Count 10 Objects Within Counts of 10 to 20 Objects

Author: Great Minds, as featured on EngageNY

  • Description
  • Files

What we like about this lesson


  • Allows students to begin visualizing the teen numbers as ten ones and some further ones (K.NBT.A.1)
  • Gives students opportunities to practice "counting on" in a quick and efficient way during fluency practice (K.CC.A.2)
  • Lays the foundations for students to reason abstractly and quantitatively about teen numbers (MP.2)

In the classroom:

  • Uses multiple concrete representations and visual models to make the mathematics explicit
  • Allows for whole group, partner, and individual work in one lesson
  • Prompts students to share their developing thinking and understanding (Student Debrief and throughout lessons)
  • Provides opportunities and suggestions for differentiation
  • Gives formal and informal opportunities for teachers to check for understanding

  • Making the Shifts

    How does this lesson exemplify the instructional Shifts required by CCSSM?

    Focus Belongs to the major work of kindergarten
    Coherence Lays the foundation for place value work in first grade (1.NBT.B.2)

    Conceptual Understanding: primary in this lesson (K.NBT.A.1)

    Procedural Skill and Fluency: secondary in this lesson (K.CC.A.1)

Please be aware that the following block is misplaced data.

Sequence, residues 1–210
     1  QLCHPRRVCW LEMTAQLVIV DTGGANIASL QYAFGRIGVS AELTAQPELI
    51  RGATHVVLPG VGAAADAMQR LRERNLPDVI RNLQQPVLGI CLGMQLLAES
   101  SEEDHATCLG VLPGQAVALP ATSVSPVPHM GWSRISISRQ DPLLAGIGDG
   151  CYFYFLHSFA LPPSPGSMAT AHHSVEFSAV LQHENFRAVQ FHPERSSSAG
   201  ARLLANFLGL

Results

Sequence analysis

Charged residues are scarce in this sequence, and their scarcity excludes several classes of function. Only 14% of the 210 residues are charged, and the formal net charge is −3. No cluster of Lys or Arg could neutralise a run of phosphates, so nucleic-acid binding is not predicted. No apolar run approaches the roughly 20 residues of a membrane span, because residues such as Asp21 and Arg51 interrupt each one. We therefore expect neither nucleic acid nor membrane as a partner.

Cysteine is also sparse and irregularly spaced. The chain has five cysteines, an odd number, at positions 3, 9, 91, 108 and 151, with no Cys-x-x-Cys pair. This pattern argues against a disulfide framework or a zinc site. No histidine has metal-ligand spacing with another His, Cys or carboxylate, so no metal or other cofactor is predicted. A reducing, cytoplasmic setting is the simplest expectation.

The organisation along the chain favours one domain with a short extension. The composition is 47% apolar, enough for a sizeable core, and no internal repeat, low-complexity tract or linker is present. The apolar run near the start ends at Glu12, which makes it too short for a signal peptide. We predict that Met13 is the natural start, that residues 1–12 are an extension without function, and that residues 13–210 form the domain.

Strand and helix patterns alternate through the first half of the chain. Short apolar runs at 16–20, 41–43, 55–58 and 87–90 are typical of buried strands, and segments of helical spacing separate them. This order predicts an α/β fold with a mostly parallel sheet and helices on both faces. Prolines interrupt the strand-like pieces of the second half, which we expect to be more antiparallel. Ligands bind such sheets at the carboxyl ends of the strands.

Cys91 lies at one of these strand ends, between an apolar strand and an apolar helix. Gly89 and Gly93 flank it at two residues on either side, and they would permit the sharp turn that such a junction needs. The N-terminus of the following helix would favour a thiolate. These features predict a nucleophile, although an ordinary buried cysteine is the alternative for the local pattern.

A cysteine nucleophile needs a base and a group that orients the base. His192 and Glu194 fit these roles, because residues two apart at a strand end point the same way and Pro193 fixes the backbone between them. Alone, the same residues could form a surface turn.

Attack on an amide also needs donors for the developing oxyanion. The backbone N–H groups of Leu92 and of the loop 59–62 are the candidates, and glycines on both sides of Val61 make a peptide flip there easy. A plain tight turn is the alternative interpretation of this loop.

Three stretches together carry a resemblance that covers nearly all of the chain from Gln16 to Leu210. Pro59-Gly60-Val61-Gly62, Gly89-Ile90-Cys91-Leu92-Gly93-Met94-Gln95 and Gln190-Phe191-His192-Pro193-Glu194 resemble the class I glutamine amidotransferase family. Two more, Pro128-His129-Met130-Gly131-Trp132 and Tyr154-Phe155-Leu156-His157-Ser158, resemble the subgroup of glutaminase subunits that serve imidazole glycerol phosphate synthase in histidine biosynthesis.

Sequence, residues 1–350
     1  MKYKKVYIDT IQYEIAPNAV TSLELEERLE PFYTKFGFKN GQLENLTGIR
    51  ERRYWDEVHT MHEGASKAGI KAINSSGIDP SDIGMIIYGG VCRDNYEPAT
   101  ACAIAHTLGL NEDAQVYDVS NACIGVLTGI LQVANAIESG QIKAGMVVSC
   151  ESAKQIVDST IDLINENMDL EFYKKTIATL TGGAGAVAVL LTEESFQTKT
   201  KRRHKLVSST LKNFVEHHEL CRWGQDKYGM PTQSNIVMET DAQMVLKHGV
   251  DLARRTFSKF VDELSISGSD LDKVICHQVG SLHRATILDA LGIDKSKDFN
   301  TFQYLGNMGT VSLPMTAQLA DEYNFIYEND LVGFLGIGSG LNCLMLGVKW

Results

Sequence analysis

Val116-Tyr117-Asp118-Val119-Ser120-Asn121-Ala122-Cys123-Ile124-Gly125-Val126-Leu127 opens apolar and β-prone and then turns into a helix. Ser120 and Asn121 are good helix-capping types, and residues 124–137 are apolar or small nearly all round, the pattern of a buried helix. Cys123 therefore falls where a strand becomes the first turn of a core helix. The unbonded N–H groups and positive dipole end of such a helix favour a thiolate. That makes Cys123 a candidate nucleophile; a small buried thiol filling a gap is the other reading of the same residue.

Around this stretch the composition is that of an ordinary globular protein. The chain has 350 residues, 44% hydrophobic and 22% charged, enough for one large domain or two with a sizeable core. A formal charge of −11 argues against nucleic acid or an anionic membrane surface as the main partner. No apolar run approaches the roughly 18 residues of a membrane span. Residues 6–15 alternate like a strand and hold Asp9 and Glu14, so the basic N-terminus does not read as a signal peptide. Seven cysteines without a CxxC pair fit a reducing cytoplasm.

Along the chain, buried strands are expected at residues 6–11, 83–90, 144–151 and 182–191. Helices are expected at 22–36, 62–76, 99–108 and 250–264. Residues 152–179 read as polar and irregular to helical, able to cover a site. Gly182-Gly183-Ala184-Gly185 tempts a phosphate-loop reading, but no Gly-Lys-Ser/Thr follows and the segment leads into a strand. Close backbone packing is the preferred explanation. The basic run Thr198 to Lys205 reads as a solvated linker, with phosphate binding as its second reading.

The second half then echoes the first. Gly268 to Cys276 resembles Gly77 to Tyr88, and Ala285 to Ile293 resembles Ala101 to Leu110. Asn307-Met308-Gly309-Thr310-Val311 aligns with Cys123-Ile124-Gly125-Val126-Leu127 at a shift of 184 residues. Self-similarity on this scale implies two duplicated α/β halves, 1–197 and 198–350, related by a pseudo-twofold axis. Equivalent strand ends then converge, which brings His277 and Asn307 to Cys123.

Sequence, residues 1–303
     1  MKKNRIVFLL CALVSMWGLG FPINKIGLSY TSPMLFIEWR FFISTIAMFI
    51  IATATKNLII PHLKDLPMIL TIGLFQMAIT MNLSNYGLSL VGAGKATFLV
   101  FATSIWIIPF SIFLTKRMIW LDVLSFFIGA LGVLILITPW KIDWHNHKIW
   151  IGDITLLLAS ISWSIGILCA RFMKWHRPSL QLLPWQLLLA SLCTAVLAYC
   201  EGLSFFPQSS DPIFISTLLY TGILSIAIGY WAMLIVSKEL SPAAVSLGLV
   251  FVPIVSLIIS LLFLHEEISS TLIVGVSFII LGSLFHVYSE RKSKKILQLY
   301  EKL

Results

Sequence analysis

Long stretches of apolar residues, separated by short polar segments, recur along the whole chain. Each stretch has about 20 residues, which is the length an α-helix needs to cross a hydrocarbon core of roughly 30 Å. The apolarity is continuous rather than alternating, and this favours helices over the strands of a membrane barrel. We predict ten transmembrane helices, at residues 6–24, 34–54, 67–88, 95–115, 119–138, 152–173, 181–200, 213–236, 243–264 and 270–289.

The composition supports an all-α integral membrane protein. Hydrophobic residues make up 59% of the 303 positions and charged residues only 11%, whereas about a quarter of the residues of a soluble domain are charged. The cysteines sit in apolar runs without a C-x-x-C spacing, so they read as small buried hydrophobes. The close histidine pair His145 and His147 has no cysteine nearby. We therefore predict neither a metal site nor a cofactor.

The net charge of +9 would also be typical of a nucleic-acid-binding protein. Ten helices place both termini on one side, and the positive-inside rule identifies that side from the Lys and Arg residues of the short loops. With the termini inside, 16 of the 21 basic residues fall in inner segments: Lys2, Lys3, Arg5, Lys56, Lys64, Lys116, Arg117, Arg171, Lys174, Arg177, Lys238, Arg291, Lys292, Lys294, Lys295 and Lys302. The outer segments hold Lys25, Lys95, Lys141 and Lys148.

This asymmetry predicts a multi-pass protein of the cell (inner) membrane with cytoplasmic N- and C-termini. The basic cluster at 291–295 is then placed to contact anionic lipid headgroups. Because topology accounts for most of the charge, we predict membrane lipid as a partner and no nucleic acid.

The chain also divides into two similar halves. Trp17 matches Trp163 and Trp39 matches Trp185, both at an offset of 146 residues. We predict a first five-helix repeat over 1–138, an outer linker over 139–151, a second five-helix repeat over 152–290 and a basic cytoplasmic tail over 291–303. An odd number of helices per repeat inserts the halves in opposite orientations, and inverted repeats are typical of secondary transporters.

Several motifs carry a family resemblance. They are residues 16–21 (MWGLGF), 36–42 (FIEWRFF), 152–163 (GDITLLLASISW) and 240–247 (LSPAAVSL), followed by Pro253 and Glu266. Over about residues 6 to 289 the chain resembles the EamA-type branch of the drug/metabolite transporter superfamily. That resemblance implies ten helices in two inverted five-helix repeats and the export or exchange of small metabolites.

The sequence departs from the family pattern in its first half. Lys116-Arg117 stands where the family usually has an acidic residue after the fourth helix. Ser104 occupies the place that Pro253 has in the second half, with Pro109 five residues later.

Application: not addressed in this lesson

  • Additional Thoughts

    It's important to note that this sample lesson is just one of a 14-lesson unit called Numbers 10–20: Count to 100 by Ones and Tens. It is not intended for students to meet the full expectations of the grade-level standards addressed in these lessons through only this selected lesson. These sample lessons lay a strong foundation for the work that is to come in the unit. In the subsequent lessons, students begin to connect this knowledge (of ten ones and some further ones) to the teen numbers and writing those numerals.

    The structure of these lessons and the unit/curriculum overall have some interesting aspects to highlight. The units make explicit the coherence within the fully developed curriculum. Each topic (a set of lessons) is connected to prior learning and also points to the next lesson that follows in the learning progression. Within individual lessons, there are a number of components that add to their strength including daily fluency practice, variety in questioning techniques, and daily opportunities for students to debrief about their learning.

Supplemental Resources